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Global Warming In Canada

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“Scientists have been warning about global warming for decades. It's too late to stop it now, but we can lessen its severity and impacts” - David Suzuki. Global warming, a primary topic of debate in various conversations throughout all levels of government, has been an issue for countless years. In fact, of the 134 years recorded, the 10 warmest years have all occurred “since 2000, with the exception of 1998 “(NASA). Solving a global issue such as this is not as easy as it may seem; however ,The Paris Agreement vows to do just that by setting a plan to limit global warming to well below 2°C in “the first-ever universal, legally binding global climate deal” (Europa). Before signing off on such an agreement one must analyze the many negatives…show more content…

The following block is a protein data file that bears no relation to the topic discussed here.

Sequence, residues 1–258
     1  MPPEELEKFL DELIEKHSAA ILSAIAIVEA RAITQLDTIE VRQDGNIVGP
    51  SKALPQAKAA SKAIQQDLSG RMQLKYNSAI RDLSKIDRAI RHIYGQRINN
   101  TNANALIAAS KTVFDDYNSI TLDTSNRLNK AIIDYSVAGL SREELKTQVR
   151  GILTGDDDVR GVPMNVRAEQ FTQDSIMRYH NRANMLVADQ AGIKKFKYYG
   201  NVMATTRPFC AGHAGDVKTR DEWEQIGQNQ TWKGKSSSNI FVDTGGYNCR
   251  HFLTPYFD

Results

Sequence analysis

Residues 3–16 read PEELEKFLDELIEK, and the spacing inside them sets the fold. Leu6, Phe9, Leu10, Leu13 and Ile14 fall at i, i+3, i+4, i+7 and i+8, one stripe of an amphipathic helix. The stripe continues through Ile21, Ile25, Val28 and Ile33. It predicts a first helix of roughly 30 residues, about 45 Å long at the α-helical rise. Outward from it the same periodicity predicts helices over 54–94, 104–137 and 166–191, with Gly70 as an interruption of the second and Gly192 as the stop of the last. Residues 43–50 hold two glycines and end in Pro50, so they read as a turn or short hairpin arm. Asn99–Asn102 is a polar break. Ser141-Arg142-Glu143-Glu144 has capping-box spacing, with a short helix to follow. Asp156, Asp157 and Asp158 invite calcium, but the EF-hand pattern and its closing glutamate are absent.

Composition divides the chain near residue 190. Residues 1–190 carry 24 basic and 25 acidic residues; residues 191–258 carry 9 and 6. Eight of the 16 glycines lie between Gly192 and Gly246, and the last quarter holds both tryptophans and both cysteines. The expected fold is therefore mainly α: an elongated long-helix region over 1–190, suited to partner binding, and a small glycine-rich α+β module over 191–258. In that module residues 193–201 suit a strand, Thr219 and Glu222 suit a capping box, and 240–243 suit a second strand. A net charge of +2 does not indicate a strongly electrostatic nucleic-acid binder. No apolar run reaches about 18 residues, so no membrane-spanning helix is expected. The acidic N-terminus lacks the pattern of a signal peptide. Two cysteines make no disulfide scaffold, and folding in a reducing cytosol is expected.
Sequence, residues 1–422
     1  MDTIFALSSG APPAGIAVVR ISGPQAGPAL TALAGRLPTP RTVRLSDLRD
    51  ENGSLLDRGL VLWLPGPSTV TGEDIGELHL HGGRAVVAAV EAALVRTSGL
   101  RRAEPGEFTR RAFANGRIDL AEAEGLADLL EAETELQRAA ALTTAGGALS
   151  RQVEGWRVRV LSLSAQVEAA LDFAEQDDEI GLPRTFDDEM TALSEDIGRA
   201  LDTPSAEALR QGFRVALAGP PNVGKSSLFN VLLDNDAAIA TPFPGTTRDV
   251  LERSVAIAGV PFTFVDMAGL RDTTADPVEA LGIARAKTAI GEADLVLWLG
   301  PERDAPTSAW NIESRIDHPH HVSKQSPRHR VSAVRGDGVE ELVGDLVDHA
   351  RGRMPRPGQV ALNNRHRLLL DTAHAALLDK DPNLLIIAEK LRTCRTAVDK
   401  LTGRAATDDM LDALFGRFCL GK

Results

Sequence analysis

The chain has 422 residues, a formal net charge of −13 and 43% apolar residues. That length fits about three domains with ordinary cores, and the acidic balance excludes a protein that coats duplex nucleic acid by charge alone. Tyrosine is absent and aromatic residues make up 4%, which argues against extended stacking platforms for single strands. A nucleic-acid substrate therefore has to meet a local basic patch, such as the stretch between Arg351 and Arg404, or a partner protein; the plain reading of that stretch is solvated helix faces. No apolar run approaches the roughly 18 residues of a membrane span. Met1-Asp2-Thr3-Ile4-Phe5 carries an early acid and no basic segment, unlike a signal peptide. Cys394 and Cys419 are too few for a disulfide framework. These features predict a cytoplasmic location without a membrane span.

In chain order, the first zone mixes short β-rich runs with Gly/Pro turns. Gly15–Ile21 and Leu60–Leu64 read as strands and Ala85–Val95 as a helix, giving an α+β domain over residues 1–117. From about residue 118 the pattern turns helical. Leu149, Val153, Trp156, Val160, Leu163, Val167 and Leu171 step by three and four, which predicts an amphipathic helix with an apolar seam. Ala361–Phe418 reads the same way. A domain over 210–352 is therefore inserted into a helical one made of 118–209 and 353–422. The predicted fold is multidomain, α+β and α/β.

The Paris Agreement looks to benefit developing countries as well, through providing “ongoing financing – a ‘floor’ of $100-billion a year between 2020 and 2025” Reguly & McCarthy, 2015). Even though it is a positive initiative towards such countries, there is no emphasis towards the impacts on developed countries. After numerous years of funding these developing countries, one can see a positive impact in Canada’s economy, as multiple trade relations with these countries will be created or further expanded upon. With improved trade relations, Canada’s GDP will see an increase as well, due to the fact that Canada relies heavily on supply chains – where corporations outsource many parts of their business. This use of supply chains represents “35 per cent of Canada’s gross domestic product” (Carmicheal), which will see an increase once these developing nations grown economically. Despite these positives, if a sum like this is payed, one cannot ignore the massive debt that Canada will continue to build upon. At first, the current fiscal plan looks to bring “three consecutive years of deficit spending totalling up to $10 billion per year” (Sorenson, 2015) up until the year 2020. This, along with the “additional five-year, $2.65-billion contribution to help developing countries tackle climate change” (Cheadle, 2015) will only bring about more hurdles for Canada’s economy to challenge. The national debt will create a short term fix in the economy, but will evidently slow down economic growth in the future with government revenues being substantially lower and citizens forced to pay greater tax
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